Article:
Primož Roglič (Jumbo-Visma) managed to raise a gallop as the finish line of Il Lombardia approached in Bergamo on Saturday afternoon, but his fatigue was evident at the end of a long, long campaign. So often the dispassionate dispenser of rivals in the closing metres, the Slovenian was beaten to third place here by Adam Yates (Ineos Grenadiers).
After winning the Giro dell’Emilia and Milano-Torino over the past week, Roglič lined up as the obvious favourite for Il Lombardia, but it was apparent from midway up the Passo di Ganda that this race would not fall ineluctably into his orbit like the others.
When Tadej Pogačar (UAE Team Emirates) launched a searing acceleration with 36km remaining, Roglič quickly understood that his young compatriot was travelling at a rate of knots that he simply could not match. Nobody could, and Pogačar had half a minute in hand on a very select chasing group by the summit.
Fausto Masnada (Deceuninck-QuickStep) made full use of his local knowledge to scramble down the descent and provide Pogačar with some company in the finale, even if the suspense remained marginal as the Tour de France winner dispatched him comfortably in the two-up sprint.
Behind, the collaboration was often hesitant in the chasing group, though Pogačar’s strength was such that the point was perhaps moot. Roglič, Yates, Julian Alaphilippe et al simply didn’t have the energy to reel in the youngster on the run-in, and they were resigned to fighting for the final podium sport by the time they hit the final climb to Bergamo Alta.
"It’s tough, and when you don’t really have the legs like I had today, it’s tougher," Roglič said after wheeling to a halt. "Still, at the end, there’s still some kind of result. For sure, we were aiming for the best, but at the end, we just weren’t good enough."
Three hours after the finish, Roglič was seated on a café terrace near the press room, sharing a pizza with friends and, perhaps, expressing quiet relief that the carousel had finally stopped, at least for a few weeks.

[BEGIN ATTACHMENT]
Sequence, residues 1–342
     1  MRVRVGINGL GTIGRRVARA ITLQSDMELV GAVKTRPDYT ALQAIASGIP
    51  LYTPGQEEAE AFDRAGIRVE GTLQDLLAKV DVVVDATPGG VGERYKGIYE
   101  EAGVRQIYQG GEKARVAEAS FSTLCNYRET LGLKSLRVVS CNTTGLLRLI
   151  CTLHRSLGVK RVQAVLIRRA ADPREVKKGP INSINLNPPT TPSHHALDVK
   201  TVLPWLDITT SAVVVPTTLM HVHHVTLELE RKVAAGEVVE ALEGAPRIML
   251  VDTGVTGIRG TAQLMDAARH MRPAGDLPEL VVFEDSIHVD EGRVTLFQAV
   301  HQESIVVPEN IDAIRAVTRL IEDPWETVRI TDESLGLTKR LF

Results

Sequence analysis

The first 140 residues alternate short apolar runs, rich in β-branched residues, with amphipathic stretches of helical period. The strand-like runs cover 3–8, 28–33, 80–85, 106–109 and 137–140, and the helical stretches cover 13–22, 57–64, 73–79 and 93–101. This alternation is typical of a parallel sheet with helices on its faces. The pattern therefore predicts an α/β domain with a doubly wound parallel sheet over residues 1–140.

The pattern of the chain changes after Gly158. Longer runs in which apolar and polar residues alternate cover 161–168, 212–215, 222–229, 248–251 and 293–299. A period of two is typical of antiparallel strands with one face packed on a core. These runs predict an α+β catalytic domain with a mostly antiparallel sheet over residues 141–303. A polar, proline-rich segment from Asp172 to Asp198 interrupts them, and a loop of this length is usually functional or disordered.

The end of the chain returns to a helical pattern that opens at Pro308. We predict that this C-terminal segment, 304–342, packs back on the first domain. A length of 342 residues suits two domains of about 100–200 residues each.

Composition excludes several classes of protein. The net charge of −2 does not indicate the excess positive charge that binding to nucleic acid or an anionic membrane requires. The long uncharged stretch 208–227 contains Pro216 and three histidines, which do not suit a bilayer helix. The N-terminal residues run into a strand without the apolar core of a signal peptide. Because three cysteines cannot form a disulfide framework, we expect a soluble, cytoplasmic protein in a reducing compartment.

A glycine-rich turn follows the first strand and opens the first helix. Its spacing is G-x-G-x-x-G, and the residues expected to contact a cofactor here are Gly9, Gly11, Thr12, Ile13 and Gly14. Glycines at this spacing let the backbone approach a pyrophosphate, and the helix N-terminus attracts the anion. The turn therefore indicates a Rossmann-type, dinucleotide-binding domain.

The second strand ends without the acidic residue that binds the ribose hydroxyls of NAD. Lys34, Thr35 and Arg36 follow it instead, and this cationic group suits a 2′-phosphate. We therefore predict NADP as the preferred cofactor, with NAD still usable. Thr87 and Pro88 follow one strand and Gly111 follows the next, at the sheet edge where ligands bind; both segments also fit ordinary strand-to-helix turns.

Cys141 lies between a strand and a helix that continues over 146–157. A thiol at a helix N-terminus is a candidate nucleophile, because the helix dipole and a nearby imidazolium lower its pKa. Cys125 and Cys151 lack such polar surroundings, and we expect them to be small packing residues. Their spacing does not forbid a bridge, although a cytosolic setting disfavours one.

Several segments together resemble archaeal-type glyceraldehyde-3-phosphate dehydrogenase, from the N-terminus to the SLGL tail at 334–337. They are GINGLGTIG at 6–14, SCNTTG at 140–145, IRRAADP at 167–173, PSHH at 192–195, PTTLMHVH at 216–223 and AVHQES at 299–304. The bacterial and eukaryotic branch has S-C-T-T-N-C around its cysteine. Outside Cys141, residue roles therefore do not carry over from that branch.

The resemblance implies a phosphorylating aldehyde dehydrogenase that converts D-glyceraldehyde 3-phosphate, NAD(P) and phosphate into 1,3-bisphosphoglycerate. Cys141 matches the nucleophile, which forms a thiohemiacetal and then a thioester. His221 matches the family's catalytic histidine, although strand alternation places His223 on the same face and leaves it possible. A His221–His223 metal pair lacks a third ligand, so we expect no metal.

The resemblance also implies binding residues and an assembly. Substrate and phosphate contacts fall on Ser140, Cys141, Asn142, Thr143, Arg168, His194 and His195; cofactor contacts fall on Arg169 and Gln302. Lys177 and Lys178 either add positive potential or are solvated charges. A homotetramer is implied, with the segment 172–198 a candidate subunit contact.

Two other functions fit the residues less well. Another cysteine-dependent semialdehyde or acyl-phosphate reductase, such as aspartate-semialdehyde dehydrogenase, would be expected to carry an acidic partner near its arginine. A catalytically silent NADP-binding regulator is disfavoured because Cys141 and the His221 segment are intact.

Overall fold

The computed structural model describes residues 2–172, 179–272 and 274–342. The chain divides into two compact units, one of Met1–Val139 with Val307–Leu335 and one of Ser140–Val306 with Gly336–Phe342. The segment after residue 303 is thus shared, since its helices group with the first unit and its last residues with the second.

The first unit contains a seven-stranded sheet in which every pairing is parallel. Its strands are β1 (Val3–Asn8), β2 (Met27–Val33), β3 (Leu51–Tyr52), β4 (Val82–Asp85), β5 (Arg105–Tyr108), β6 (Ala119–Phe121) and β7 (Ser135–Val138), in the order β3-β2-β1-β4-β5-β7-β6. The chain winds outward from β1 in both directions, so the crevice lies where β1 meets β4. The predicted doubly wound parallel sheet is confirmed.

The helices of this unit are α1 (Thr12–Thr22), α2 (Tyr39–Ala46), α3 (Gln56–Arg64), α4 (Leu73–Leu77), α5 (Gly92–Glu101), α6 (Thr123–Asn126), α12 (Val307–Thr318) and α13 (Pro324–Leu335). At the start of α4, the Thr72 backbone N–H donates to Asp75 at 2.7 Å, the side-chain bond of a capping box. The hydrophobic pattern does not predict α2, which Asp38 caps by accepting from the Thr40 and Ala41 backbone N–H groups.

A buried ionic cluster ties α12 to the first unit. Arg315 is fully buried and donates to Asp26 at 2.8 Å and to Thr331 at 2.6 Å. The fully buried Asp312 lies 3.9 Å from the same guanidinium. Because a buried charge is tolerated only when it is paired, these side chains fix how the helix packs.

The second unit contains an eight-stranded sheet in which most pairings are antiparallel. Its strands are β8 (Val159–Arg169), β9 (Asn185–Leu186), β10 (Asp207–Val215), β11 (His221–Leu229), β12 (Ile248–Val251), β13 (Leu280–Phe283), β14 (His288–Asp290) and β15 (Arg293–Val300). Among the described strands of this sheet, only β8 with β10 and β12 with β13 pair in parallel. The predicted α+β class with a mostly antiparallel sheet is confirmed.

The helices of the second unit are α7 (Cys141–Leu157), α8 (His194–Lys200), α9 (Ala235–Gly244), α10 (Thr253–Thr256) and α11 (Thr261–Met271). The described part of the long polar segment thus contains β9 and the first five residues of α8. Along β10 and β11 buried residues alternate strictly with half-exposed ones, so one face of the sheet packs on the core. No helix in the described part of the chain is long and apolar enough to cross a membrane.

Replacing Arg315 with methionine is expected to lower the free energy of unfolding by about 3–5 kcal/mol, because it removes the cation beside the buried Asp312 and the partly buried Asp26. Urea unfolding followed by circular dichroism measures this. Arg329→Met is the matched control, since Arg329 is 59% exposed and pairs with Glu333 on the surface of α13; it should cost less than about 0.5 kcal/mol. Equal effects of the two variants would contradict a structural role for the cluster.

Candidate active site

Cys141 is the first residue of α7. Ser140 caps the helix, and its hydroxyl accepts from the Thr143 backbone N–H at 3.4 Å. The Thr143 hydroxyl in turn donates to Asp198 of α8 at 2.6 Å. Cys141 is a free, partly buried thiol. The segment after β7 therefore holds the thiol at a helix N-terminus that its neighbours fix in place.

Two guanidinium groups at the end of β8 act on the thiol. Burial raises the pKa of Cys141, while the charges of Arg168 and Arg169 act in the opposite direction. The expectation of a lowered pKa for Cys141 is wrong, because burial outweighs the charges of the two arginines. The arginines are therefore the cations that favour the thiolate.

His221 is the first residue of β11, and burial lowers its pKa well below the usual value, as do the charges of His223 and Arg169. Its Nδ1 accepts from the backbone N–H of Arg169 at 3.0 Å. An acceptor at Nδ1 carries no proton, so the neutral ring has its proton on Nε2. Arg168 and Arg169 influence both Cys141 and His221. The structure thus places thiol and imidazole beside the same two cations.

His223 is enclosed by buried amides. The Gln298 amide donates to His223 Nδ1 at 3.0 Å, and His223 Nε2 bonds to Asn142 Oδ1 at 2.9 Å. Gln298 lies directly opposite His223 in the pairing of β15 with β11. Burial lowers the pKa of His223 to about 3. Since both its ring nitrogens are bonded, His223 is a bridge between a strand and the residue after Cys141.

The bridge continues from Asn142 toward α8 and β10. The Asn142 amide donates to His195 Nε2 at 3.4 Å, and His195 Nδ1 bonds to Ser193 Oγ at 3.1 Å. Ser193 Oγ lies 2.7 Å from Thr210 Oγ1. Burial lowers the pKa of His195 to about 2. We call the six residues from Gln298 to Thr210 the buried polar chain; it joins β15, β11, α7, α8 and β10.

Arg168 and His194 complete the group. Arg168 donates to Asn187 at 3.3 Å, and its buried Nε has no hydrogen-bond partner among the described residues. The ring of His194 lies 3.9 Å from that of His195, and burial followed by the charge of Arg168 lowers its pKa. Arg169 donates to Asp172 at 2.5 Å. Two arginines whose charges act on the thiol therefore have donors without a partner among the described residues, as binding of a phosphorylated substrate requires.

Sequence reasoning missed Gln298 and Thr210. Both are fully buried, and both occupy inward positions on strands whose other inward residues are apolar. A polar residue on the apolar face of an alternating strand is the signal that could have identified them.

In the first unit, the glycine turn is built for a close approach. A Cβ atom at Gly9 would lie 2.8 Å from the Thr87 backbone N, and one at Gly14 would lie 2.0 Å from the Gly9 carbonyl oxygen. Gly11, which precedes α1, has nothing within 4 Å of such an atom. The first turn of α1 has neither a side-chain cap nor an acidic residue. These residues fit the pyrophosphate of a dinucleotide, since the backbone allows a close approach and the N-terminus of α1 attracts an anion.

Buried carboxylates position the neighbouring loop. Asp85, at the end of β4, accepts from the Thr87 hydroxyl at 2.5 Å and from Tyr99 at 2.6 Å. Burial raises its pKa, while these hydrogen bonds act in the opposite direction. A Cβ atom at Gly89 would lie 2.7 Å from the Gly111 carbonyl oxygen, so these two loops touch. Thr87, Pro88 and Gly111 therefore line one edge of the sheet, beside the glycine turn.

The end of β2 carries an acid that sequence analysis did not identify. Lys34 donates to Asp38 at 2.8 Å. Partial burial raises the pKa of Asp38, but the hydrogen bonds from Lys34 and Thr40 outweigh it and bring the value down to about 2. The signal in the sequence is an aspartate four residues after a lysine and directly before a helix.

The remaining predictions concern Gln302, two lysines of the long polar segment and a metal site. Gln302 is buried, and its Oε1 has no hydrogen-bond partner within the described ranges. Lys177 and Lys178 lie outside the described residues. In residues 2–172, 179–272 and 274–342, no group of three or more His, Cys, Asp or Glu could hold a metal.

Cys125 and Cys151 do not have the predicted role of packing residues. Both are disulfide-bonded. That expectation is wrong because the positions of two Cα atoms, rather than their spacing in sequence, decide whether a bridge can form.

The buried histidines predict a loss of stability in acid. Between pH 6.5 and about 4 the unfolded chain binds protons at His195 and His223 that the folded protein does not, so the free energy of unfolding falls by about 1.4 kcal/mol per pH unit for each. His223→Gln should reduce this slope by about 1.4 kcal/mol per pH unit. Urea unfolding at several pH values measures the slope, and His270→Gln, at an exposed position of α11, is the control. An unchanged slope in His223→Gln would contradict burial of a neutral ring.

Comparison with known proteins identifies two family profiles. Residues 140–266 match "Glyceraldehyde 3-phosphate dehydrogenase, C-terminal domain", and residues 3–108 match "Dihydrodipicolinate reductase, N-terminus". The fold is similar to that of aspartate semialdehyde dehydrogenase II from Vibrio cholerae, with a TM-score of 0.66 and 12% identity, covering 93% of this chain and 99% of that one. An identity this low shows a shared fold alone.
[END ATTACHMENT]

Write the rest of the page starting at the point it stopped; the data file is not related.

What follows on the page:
Earlier, as he stopped to speak to reporters past the finish line, Roglič had been asked to revisit a year where the disappointment of crash-interrupted Tour de France was tempered by an Olympic gold medal and a third successive Vuelta a España victory.
"Again a season with a lot of ups and downs, but we always take the best memories, so it was incredible," he said. "Now it’s time for holidays."
Next year’s Tour de France route will be presented on Thursday but, regardless of the parcours, it seems inevitable that the race will form the centrepiece of Roglič’s 2022 season. And, of course, the road to victory will run through his fellow countryman Pogačar, who completed a season for the ages by adding his second Monument victory at Il Lombardia on Saturday.
"He deserved it," Roglič said of Pogačar’s win. "If I could also have gone [on the Passo di Gandia], I would have gone. I didn’t have the legs, I was just hanging there and waiting for the finish."
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Barry Ryan is Head of Features at Cyclingnews. He has covered professional cycling since 2010, reporting from the Tour de France, Giro d’Italia and events from Argentina to Japan. His writing has appeared in The Independent, Procycling and Cycling Plus. He is the author of The Ascent: Sean Kelly, Stephen Roche and the Rise of Irish Cycling’s Golden Generation (opens in new tab), published by Gill Books.